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Managers’ attitudes toward work-family issues can affect employees’ health

August 30, 2010 — As the United States’ workforce grows more diverse, an increasing number of Americans are balancing work and family responsibilities. In a paper appearing in a recent issue of the Journal of Occupational Health Psychology, Harvard School of Public Health professor Lisa Berkman and colleagues draw attention to the effects that workplace policies toward this issue can have on employees’ health. Through interviews with managers at four Massachusetts nursing homes, and surveys and medical data collected from their employees, the researchers found that employees whose managers were less supportive of their needs to balance home and work responsibilities slept less (29 minutes/day) than employees whose managers were more flexible. They also were more than twice as likely to have two or more risk factors for cardiovascular disease (CVD).

“This is one of the very first studies to show that a manager’s behavior and the kinds of practices and attitudes she or he has in terms of flexibility with work and family issues has an impact on the health of workers,” said Berkman, director of the Harvard Center for Population and Development Studies, and Thomas D. Cabot Professor of Public Policy and of Epidemiology. “In the next phase of this study we are exploring whether modifying workplace practices towards work family issues will improve not only the health of the workers and their families but also of the workplace itself by reducing turnover.”  

The researchers invited all employees and their managers at four Massachusetts nursing homes to participate, with about 400 employees and managers completing the study. Employees were surveyed about their experiences with workplace policies and informal practices and had their risk of CVD assessed by blood cholesterol, high blood sugar or diabetes, blood pressure and hypertension, body-mass index, and tobacco consumption. Their sleeping patterns were monitored using a non-invasive wrist device. Through interviews, managers were rated on their flexibility and creativity in managing employee work-family issues.

The researchers found that managers who, for example, were open to adjusting employees’ schedules to suit their family or home needs, or discussing family leave with job security, were an important resource for employees. In contrast, managers who rated low on work-family openness and creativity appeared to have a negative effect on their employees’ health.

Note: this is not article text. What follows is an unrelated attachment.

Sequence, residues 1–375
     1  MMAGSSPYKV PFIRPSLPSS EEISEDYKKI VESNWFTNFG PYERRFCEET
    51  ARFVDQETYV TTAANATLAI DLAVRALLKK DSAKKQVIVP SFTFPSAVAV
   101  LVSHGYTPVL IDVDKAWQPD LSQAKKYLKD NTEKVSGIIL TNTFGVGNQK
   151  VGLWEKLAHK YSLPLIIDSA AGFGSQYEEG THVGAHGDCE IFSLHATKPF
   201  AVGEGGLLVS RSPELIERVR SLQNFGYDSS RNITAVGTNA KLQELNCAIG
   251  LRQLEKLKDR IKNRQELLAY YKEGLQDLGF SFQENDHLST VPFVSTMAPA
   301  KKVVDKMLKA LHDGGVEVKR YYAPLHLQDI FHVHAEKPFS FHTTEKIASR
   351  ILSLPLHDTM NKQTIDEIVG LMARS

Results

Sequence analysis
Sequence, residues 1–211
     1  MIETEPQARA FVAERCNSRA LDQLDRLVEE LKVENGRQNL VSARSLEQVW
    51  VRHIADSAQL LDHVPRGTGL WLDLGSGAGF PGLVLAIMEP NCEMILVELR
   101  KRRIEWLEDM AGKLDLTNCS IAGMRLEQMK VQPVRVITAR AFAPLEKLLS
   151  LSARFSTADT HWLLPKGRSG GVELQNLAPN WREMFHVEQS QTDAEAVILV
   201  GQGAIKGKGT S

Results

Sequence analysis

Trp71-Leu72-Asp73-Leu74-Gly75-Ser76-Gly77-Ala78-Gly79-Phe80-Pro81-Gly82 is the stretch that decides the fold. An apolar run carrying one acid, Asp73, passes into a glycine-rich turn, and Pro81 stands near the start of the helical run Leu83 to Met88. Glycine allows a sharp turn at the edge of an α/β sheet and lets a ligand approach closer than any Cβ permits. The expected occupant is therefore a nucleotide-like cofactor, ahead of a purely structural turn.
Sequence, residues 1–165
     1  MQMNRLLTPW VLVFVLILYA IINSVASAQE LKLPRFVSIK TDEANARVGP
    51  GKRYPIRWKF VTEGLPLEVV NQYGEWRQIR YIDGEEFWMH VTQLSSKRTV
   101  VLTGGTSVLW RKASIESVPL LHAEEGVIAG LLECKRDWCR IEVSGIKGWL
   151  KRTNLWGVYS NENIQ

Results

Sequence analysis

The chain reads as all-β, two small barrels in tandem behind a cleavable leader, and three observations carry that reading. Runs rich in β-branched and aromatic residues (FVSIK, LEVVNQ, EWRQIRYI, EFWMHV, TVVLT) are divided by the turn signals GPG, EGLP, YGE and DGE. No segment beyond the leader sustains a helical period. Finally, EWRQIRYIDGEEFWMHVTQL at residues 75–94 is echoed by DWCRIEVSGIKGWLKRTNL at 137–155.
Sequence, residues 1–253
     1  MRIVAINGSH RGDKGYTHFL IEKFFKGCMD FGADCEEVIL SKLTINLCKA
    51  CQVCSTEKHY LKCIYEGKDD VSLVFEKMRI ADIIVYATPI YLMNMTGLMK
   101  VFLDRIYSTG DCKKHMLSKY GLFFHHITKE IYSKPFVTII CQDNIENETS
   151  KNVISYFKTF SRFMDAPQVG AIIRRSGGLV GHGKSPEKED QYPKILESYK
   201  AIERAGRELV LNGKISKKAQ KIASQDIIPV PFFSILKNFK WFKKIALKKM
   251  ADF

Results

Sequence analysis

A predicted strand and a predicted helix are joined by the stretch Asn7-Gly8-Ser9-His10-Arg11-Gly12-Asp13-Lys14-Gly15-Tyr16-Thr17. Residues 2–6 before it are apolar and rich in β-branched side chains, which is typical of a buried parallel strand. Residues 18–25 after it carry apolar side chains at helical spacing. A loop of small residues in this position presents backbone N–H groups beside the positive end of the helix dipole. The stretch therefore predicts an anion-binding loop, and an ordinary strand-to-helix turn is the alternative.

Direct patient care workers who had managers with less supportive practices toward work/family balance were more at risk for CVD than workers in other positions who had similar managers. Since this is a rapidly growing sector in health care, if these findings are replicated, special attention should be paid to training the managers of direct care workers in supportive work family policies, according to the researchers. Since many of these managers are promoted on the basis of their clinical care skills, the findings indicate a need for training in management practices.

Sleeping patterns did not differ for health care and non-health care workers. Employees in both job categories got less sleep if they worked for managers who scored low on work-family openness and creativity.

Nursing homes were chosen for the study as they are small businesses that employ lower wage and racially and ethnically diverse workforces. Study participants had a mean age of 41 years and were 85 percent women. They were predominantly low-wage employees, with a mean hourly wage of $15.73. The employees were from diverse backgrounds, with about 60 percent from Black, Hispanic, or another minority groups. About eight percent of the interviews were conducted in Haitian Creole. Just over half of employees had a child under 18 in the household. More than a quarter had two or more CVD risk factors.

“With the demographic transition and the aging of our society, there will be both more employees who are likely to be older and in need of job flexibility as well as more older people in long-term care,” the researchers wrote. “Flexibility on the job may well translate into increases in health and well-being for employees and their families. Although we did not study other industries here, we suspect that job flexibility, especially for low-wage workers, may have benefits across multiple industries.”

— Amy Roeder

photo: Ned Brown